For one thing, Damian says that he makes the deal when he's 14 years old, but B&R #2 said that Damian is only 10. So the simplest timeline is that Bruce will take over as Batman again (more on that later), and the death/deal will take place about four years from now in comic time, which would happen much later -- more likely never -- in publication sequence. This is further validated by the artwork that shows a Batman dying (or hurt very badly) while an anguished Damian looks on. This Batman wears a giant chest logo that matches the central (and larger) Batman in Damian's Batcave memorial. That should all match Bruce, then, rather than Dick.

If we read #666 with legal strictness, Dick has a virtual life insurance policy thanks to one little phrase that Barbara Gordon says: That Damian is responsible for the death of "a friend". Not two. So if Damian makes a deal with the Devil four years from now on the night that Bruce dies, then Barbara is blaming him for Bruce's death, and that accounts for "a friend", and Damian's not going to be blamed for Dick's death now.

And yet: Morrison does say that events in #666 will form the basis for B&R IV, and he's probably not talking about the feud between Lane on the one hand and Professor Pyg and Phosphorus Rex (both of whom die in #666) on the other. And it would hardly be a revolutionary event if one or two tiny facts were altered from that "future" story to the present one. So if the deal has to be the basis of B&R IV, but the deal is to take place years from now, what's the resolution?

Well, there are unguessably many permutations. Suppose the many small clues do describe two different events, but only one death. Suppose Bruce fakes "Batman"'s death upon his return. Suppose part of B&R IV (it can't be all of it; Morrison says that the "new Batman" is involved) is actually a flash-forward to four years from now and has no bearing at all on the present. As easily as the last chapter of RIP showed us Bruce outwitting the evil monk in the past and Dick confronting Le Bossu in the future, B&R IV could span two, three, or more points in time.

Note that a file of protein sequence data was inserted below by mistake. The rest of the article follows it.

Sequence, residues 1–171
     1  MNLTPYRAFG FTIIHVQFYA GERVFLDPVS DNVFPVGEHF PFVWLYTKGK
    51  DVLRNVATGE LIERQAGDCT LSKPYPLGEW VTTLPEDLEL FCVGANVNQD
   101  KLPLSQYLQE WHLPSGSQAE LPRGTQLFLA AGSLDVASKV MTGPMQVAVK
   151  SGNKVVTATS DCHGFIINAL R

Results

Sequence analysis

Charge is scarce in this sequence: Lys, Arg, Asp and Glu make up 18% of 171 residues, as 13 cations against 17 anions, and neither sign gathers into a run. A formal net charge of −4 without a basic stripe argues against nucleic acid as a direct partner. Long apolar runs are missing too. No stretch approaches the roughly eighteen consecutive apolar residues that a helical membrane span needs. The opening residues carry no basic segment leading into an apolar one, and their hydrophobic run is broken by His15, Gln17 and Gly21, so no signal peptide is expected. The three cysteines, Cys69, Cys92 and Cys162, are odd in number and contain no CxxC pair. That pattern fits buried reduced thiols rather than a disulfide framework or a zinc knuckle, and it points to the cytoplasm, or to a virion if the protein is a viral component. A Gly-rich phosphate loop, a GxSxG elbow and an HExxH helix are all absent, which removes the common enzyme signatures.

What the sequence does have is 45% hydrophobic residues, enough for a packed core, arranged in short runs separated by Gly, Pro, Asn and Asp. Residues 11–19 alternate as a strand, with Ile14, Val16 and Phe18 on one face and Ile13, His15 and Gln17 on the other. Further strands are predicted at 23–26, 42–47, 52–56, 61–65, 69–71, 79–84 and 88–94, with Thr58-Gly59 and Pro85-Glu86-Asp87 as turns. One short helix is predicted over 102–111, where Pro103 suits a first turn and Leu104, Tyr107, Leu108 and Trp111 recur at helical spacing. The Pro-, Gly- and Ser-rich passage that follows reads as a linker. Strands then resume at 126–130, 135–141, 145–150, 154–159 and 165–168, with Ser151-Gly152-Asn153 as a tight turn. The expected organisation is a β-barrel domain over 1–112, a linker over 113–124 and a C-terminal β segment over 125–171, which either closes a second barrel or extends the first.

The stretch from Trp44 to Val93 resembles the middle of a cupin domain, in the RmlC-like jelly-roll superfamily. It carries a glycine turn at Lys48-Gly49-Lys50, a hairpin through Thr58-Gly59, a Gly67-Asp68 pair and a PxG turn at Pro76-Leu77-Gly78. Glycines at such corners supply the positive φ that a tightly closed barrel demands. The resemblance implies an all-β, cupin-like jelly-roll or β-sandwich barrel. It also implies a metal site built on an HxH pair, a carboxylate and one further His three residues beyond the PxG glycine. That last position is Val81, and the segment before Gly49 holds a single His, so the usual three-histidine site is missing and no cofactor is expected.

I think all of these possibilities, plus countless others, are cumulatively more likely than Dick's death ten months from now leading to Damian's deal with the Devil. And Morrison might remain utterly true to the events of #666.

So This Man Walks into a Cave...

Bruce is coming back before the end of B&R #13, and he will be Batman again after that.

Grant Morrison has told us so:

1) "Bruce is still out there. “Final Crisis” revealed Bruce is still out there and he’s got to make his way back in some way." "We’re not really entertaining the notion that Bruce won’t be back at some time."

So he is coming back. When?

2) Morrison plotted 12 or 13 issues for B&R and "Everything about [Bruce's absence] will be tied up by the end. Everything that's happening with Bruce and Bruce's world will be revealed in detail and resolved by the end of Batman and Robin's first year."

And he's really going to be Batman again? Right away? Not a mentor to the ongoing adventures of Batman Dick?

3) "We always knew that after “Batman R.I.P.,” we were going to do this run of stories where we didn’t have Bruce under the cowl."

That leaves a loophole that Morrison may mean something different when he says "this run" on different occasions, but that's a very small loophole when you combine it with the quotation in (2).

In fact, with the ghostly Batman seen in the preview panel for B&R's third arc, his return might even begin before the fourth arc opens. But knowing that the "new Batman" has to deal with the smear campaign against the Waynes, we know that Dick won't be stepping aside before issue #10.

The topic of Bruce Wayne's absence and how he might get back is a topic for yet more discussion, a bit less immediate than B&R IV, which itself is several months off.

Tuesday, July 14, 2009

Batman and Robin: Arcs #2 and #3

Do you like puzzles? If you follow the adventures of the world's greatest detective, then you probably do.

A story I read a long time ago (in Reader's Digest, of all places) said that a woman was walking down the hallway of her all-female dorm after taking a shower and suddenly realized that a man heading the other way was going to see her naked, and her towel was too small to cover her body. So she covered -- her face. Clever strategy to avoid being exposed. At least in one sense.

I think creators often do much the same thing in interviews, covering part of the mystery of their upcoming stories while giving away clues that don't say too much. But they "move the towel", so to speak, from one interview to another, and if you compare interviews from months apart you sometimes get to match the face with the body. So to speak.

I have been reading all of the public information on Grant Morrison's plans for Batman and Robin and found a lot of pieces of information that fit together -- or nearly so. He is quite forthright that the first year will consist of four arcs of about three issues each (in one place, he says that there were 13 issues plotted, so maybe one arc is longer, or maybe the 12 issues are followed by 1).

A lot of the details of what is to come are out there to be pieced together. In general terms, we can say what the set up is likely to be for the remaining issue of the first arc, plus the second and third arcs.